The Arctic Butterfly

About a month and a half ago I noticed that there was visible dust on most the images that I was shooting with my aging Canon 5D. ((I saying aging because the camera is circa 2003. I do not saying aging because the camera is not up to today’s standards. I still very much love…

About a month and a half ago I noticed that there was visible dust on most the images that I was shooting with my aging Canon 5D. ((I saying aging because the camera is circa 2003. I do not saying aging because the camera is not up to today’s standards. I still very much love this camera.)) As days past I noticed that the problem was actually very pronounced.

I removed the lens and flipped the mirror up. Using a [Rocket Blower](http://www.amazon.com/gp/product/B0013J0502/ref=as_li_qf_sp_asin_tl?ie=UTF8&tag=brooksreview-20&linkCode=as2&camp=1789&creative=9325&creativeASIN=B0013J0502) I blew the sensor as clean as I could and tried again. Now the problem was noticeably worse. I tried several more times to blow it clean, but nothing worked.

I really didn’t want to clean the sensor myself. I knew that it was a fragile piece of the camera — I just wanted someone else to clean it.

A few people on Twitter suggested that I give [Sensor Swabs](http://www.photosol.com/store/pc/viewCategories.asp?idCategory=4) a go. I was told they were easy to use. I promptly wen to Amazon to order, but couldn’t get the cleaning solution component before the weekend (no Prime) and I wanted to work on the cleaning before the weekend.

I called a local photo store ([Glazer’s](http://www.glazerscamera.com/) they rock) to see if they would clean the sensor. The sales rep said no, but they sold stuff to clean it — and again — it was easy.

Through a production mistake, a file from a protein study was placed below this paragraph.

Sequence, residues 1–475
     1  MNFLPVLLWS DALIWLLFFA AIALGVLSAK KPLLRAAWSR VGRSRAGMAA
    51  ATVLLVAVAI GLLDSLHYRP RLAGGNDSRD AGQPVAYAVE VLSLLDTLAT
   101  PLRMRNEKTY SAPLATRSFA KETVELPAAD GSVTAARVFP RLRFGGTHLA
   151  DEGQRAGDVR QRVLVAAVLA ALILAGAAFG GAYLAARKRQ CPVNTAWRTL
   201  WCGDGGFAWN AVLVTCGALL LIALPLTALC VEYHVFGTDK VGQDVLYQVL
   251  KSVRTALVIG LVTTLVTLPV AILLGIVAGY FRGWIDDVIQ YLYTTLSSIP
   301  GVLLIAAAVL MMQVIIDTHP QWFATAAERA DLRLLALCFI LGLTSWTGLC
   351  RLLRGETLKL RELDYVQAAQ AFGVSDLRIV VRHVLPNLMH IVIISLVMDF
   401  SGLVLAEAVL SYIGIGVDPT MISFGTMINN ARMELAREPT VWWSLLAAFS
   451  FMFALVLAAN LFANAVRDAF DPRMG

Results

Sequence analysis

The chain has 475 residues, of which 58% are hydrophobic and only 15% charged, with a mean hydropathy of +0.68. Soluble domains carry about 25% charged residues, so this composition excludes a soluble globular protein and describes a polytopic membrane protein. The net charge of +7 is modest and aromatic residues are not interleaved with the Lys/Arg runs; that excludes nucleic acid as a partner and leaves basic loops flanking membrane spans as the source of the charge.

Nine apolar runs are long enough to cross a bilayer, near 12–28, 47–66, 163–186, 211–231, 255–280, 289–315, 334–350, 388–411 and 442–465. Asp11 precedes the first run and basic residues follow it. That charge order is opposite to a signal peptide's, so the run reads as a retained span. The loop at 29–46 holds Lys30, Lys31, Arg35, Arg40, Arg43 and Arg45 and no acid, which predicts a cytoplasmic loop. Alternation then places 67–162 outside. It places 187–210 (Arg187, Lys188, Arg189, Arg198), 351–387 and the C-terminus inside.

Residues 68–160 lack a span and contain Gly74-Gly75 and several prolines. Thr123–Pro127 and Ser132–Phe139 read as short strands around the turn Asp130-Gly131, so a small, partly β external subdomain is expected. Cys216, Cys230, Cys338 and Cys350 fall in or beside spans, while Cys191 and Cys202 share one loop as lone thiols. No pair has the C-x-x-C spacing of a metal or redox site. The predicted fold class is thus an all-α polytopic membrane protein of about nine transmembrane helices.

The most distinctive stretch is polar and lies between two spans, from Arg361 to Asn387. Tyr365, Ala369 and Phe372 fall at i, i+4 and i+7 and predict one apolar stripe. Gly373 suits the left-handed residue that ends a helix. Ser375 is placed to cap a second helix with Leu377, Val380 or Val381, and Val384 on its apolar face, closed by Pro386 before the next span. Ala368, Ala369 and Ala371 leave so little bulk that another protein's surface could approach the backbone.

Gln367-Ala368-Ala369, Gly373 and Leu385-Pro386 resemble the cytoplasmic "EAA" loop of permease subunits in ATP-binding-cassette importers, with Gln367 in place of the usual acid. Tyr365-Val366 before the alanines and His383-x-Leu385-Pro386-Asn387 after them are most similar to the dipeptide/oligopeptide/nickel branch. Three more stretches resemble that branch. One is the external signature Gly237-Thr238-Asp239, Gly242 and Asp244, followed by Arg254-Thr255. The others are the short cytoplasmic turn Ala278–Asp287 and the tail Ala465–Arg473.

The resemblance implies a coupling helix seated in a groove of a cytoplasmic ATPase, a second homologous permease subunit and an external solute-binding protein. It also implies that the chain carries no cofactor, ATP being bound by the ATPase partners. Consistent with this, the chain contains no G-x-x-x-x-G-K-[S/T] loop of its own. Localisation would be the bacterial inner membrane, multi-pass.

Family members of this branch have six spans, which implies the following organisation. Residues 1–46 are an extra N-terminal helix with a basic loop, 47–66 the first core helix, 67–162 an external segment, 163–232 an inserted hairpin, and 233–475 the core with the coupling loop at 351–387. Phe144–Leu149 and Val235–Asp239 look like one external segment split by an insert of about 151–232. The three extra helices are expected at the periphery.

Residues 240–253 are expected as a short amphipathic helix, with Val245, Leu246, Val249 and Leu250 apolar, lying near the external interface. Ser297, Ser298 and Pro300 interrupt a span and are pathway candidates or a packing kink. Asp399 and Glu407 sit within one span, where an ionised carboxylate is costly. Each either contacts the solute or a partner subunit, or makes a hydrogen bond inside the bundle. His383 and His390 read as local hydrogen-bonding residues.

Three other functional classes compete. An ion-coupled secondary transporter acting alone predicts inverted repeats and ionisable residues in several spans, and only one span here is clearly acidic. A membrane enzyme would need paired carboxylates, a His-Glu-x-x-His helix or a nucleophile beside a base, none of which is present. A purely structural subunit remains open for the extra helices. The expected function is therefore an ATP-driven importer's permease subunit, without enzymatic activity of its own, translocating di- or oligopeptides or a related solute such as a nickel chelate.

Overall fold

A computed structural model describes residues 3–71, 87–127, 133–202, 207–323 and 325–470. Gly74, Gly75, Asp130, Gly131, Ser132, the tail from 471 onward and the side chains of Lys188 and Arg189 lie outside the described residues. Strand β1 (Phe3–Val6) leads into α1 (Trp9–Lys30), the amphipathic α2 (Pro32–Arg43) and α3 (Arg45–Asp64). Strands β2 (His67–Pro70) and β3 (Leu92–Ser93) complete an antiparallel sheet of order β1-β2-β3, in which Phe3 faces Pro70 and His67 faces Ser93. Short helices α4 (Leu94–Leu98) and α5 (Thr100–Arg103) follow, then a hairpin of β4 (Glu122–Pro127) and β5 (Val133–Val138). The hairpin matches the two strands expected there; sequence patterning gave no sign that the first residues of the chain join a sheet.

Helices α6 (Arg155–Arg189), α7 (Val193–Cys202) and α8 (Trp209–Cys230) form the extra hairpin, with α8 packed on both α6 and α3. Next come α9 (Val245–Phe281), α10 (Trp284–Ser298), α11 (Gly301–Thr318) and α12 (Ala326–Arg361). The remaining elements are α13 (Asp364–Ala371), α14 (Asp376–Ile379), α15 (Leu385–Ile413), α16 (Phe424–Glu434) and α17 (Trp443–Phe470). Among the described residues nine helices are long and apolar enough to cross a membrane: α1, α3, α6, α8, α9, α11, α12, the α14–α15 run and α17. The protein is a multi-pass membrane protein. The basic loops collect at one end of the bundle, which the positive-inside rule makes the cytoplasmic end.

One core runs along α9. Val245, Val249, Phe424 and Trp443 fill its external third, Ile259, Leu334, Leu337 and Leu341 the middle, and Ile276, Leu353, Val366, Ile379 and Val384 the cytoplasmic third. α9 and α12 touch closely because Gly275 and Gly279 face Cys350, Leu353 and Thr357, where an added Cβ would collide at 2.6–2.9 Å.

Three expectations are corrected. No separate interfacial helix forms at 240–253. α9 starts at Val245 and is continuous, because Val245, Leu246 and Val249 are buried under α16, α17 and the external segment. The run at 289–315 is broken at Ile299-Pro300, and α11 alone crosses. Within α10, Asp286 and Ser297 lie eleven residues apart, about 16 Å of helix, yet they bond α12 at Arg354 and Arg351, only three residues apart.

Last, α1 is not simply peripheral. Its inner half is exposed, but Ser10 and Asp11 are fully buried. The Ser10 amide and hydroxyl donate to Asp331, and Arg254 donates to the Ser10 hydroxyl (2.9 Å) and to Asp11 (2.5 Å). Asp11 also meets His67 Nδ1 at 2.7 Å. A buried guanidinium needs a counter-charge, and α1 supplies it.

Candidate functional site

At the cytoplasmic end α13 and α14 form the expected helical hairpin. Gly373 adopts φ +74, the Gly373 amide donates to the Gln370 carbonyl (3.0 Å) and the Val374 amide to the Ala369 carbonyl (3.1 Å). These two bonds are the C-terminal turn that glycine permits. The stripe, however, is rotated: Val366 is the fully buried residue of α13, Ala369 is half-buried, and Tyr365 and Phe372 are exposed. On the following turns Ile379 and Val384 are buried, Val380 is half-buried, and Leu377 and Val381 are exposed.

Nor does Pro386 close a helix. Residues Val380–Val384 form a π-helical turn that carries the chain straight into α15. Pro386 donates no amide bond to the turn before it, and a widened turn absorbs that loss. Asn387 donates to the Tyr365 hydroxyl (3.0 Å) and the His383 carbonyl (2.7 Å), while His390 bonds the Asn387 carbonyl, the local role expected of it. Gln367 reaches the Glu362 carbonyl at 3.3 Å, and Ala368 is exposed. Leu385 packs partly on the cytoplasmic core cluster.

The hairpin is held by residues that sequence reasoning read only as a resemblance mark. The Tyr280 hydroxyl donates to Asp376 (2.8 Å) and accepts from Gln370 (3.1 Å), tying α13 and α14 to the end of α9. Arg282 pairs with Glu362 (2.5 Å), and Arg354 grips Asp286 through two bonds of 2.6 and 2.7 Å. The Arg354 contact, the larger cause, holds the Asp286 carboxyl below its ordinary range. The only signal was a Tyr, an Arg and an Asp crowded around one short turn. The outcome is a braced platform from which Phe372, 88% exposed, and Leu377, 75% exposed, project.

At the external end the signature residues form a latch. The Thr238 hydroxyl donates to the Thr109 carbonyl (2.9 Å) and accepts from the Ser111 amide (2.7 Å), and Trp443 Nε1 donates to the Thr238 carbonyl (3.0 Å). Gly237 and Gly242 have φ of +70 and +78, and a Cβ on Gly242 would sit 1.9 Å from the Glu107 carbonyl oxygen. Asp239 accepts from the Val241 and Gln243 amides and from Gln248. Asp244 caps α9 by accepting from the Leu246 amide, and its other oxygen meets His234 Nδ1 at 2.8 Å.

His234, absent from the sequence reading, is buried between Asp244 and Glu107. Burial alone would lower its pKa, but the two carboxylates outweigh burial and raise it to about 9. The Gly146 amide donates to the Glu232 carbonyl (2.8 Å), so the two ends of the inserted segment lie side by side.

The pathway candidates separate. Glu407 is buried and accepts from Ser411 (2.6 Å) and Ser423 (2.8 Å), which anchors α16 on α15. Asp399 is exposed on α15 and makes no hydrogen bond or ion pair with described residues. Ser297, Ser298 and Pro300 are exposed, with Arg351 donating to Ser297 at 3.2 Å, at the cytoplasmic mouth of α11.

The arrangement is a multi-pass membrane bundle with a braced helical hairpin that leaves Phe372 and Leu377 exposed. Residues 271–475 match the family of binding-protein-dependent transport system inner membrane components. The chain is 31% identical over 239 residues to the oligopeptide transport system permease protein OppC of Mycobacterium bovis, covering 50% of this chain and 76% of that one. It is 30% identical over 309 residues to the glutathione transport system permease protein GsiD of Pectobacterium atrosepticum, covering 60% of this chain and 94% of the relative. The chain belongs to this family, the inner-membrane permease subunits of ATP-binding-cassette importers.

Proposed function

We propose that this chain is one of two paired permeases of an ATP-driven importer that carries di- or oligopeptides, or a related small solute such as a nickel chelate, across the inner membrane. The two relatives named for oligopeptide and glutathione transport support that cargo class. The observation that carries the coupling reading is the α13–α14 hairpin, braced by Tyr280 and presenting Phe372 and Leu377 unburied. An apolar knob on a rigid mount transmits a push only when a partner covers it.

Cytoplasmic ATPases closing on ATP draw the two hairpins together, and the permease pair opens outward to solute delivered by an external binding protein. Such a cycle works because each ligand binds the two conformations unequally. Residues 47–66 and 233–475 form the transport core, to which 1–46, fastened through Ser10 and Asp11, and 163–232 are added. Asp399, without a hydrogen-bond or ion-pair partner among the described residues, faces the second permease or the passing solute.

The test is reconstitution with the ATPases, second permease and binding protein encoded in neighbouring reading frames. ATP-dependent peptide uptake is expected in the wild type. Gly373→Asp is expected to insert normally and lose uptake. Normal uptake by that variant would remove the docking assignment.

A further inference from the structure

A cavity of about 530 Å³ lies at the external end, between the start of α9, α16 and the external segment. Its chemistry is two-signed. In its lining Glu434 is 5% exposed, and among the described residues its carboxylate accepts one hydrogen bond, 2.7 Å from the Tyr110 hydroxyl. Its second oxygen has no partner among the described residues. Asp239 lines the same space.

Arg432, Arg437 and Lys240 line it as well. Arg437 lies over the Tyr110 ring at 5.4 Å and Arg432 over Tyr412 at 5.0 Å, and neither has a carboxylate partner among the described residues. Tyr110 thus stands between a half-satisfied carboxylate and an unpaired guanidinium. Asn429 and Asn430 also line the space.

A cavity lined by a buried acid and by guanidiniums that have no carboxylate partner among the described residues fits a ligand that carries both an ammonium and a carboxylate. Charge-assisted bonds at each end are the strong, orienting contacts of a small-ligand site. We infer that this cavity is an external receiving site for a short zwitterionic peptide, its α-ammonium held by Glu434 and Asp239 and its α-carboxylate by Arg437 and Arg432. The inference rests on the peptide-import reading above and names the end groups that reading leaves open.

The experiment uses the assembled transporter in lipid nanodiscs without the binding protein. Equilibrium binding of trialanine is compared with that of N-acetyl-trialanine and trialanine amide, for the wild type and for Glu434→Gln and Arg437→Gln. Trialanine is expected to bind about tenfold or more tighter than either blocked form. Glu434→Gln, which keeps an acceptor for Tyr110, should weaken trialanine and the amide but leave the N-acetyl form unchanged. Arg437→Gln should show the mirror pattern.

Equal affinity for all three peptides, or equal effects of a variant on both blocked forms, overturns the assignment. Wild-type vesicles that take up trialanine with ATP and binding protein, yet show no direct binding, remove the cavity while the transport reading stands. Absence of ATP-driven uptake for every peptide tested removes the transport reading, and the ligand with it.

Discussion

Ok I thought let’s clean it myself. I never make it home in time to get to Glazer’s so I stopped by a local camera store near my office: [Robi’s](http://www.rainierphoto.com/index.html).

After talking with the two sales associates they did their job and sold me a much more expensive cleaning solution: [The Arctic Butterfly](http://www.visibledust.com/products3.php?pid=707).

What actually sold me was that the Butterfly is a statically charged brush instead of a swab and solution that you wipe across the sensor. This seemed like less risky solution — so I bought one.

The two sales associates said that if it didn’t do the trick I should send the camera somewhere to be cleaned — likely whatever would not come off would be really stuck. My fear was that I would have to do just that: send in the camera.

I used the Arctic Butterfly twice on the camera sensor and then reassembled the camera. Boom it was perfectly clean.

I’m not saying the sensor was better. I am saying the sensor was dust free — like new.

The best part is that the Butterfly is completely reusable — unlike the Sensor Swabs. It is also one size fits all and is something you can easily stash in your camera bag.

I don’t know how the Sensor Swabs work, but I do know that this method worked fantastically for me. I highly recommend that you get one of these for your camera kit if you are a dSLR shooter.

At some point your sensor will get a speck of dust on it that will annoy the crap out of you.

#### Buy It Here

[Buy it from Amazon and I get a small kick back](http://www.amazon.com/gp/product/B004OPWQEA/ref=as_li_qf_sp_asin_tl?ie=UTF8&tag=brooksreview-20&linkCode=as2&camp=1789&creative=9325&creativeASIN=B004OPWQEA).

### Note ###

I also used this to clean out the viewfinder — which is a bit tricky to get apart. After cleaning that my camera now looks completely dust free.

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